Why I Pledged to Show Up More Authentically at Work (And You Should Too)
After leaving my first professional job, a former colleague of mine wrote a recommendation for me on LinkedIn. In it, she said I was “like a duck: calm on the surface while hustling furiously underneath.”
She meant well, seeing me stay professional while working under tight deadlines and ever-changing parameters. She knew because she experienced these pressures too. But I didn’t publish the recommendation. A part of me really disliked this comment, and this quality about myself.
Modern society has taught us to “fake it till you make it” and “don’t let them see you sweat.” In fact, my boss spoke these two clichés on day 1 of my first job at age 16. This sentiment stuck with me. I became great at putting on appearances…smiling and staying calm under pressure, while secretly freaking out. I worked hard, more than I let on, and I often made others think it was effortless.
On an interview a couple years later, I was asked: “How will we know you’re stressed out?” My response: “First, it will be very difficult for me to tell you. In fact, I’ll probably smile and tell you I’m on top of it. But really…my office will be messy. I’ll be quiet, and probably more serious than normal. I’ll become vigilant about timelines and to-do lists.”
What do you know? I took that job and every time I was really stressed out, my boss could see right through me.
From there, I vowed to be more open, honest, and real at work. To ask for what I needed to be able to do my job to the best of my ability. To let people see the real me and the hard work, sweat, and effort I put in. It was so freeing, and I was finally able to feel really authentic and vulnerable at work while still doing an awesome job. Who knew you could do both?
It wasn’t until I got to Stanford that I learned the term “Duck Syndrome” which is used to describe the cultural trend on campus where everyone appears to be gliding effortlessly across the lake, while below the surface, everyone’s feet are paddling away. Many years after that original LinkedIn recommendation, I finally fully understood the real harm in presenting a cool demeanor while “hustling furiously on the inside.”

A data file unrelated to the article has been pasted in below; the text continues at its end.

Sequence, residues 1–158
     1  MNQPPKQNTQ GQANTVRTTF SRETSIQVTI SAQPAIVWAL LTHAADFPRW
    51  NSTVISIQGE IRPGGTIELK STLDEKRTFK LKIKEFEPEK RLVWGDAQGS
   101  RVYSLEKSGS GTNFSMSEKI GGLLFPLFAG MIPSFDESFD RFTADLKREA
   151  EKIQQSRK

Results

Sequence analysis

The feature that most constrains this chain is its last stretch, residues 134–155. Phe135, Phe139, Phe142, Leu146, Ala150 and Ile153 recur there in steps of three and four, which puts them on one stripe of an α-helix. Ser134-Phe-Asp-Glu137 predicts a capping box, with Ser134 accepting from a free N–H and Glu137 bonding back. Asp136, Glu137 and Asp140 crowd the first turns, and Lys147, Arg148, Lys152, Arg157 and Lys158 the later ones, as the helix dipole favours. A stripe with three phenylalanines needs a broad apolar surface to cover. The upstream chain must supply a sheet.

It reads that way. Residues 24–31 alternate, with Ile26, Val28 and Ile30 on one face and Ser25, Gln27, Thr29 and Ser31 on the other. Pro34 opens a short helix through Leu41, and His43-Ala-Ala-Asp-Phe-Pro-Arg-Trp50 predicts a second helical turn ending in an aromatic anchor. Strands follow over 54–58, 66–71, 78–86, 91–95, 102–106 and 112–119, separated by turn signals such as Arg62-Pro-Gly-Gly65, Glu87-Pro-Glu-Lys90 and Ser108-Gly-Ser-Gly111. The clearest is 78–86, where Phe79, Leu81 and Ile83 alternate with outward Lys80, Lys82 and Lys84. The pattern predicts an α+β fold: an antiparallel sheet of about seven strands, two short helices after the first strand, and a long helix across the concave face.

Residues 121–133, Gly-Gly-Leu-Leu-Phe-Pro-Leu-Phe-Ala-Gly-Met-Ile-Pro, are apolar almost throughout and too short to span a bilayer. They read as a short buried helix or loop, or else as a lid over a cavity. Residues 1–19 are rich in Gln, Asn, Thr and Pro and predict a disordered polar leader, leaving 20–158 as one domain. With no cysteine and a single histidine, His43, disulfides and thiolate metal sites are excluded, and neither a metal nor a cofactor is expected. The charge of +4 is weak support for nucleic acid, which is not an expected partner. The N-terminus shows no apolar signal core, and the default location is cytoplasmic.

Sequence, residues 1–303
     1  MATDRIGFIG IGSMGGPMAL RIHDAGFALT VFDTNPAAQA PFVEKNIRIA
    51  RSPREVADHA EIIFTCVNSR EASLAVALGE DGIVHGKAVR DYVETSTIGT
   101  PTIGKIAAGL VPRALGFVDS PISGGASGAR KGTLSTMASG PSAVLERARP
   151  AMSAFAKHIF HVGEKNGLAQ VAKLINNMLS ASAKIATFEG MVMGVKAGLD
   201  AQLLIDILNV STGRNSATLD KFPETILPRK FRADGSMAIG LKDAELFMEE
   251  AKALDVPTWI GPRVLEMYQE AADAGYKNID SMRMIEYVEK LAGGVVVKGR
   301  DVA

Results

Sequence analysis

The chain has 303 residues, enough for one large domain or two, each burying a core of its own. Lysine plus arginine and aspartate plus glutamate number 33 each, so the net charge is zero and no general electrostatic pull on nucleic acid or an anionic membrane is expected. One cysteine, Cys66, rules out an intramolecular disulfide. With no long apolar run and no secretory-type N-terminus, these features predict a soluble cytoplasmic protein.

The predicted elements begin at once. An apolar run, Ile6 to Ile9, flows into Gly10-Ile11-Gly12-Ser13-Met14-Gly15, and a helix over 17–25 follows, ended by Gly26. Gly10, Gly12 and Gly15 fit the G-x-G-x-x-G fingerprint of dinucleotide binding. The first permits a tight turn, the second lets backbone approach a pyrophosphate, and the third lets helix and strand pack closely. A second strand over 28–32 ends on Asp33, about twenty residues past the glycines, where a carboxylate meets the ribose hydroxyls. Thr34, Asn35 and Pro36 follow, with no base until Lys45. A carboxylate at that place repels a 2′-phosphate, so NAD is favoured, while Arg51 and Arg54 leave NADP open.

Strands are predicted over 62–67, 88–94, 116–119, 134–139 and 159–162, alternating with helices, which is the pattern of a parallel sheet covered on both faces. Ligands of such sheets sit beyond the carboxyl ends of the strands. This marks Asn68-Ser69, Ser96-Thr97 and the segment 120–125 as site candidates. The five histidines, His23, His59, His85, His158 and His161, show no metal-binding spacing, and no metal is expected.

When collectively we’re all putting on this effortless front, individually we feel a deep sense of shame when we have to work incredibly hard or hit a snag in the road.
It’s really easy to look at people’s LinkedIn profiles or websites and think they’ve got it all figured out, or think that they got to where they are without any bumps along the way. But when you talk to them, you learn that’s not really the whole story.
Case in point right here! Even as a career coach, I have plenty of days where I wonder what’s next for me. I hit obstacles and limiting beliefs, not always feeling in line with my work. I worry about the career moves I’ve made thus far and if I could’ve/would’ve/should’ve done things differently. I’ve made mistakes at work, been rejected after interviews, and felt the fear of a new job search. Hey, you can’t coach someone if you haven’t been through it!
Point is, most people haven’t gotten where they are without some trials and tribulations along the way…even if it looks like they are gliding effortlessly across a calm lake.
So I challenge you to do 2 things:
1) Ask yourself where you may be putting on a front at work. How can you show up more fully? How will you know when you need to ask for help? And how will doing so help you?
2) Talk to someone you admire to learn their full story and recognize you are most certainly not alone when you’re facing some doubt or feeling stuck.
Let me know how it goes for you!